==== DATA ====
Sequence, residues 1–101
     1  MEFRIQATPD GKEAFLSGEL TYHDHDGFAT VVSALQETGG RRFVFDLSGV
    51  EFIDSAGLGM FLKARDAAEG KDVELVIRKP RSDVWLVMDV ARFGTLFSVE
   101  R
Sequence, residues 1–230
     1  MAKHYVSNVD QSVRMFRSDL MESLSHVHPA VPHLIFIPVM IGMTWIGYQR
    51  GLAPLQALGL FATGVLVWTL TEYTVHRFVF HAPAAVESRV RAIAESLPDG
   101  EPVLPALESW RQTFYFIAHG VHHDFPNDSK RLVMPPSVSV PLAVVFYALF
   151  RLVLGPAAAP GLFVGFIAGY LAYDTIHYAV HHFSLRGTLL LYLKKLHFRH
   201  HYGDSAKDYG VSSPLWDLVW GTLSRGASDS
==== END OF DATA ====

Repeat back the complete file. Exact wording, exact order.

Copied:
Sequence, residues 1–101
     1  MEFRIQATPD GKEAFLSGEL TYHDHDGFAT VVSALQETGG RRFVFDLSGV
    51  EFIDSAGLGM FLKARDAAEG KDVELVIRKP RSDVWLVMDV ARFGTLFSVE
   101  R
Sequence, residues 1–230
     1  MAKHYVSNVD QSVRMFRSDL MESLSHVHPA VPHLIFIPVM IGMTWIGYQR
    51  GLAPLQALGL FATGVLVWTL TEYTVHRFVF HAPAAVESRV RAIAESLPDG
   101  EPVLPALESW RQTFYFIAHG VHHDFPNDSK RLVMPPSVSV PLAVVFYALF
   151  RLVLGPAAAP GLFVGFIAGY LAYDTIHYAV HHFSLRGTLL LYLKKLHFRH
   201  HYGDSAKDYG VSSPLWDLVW GTLSRGASDS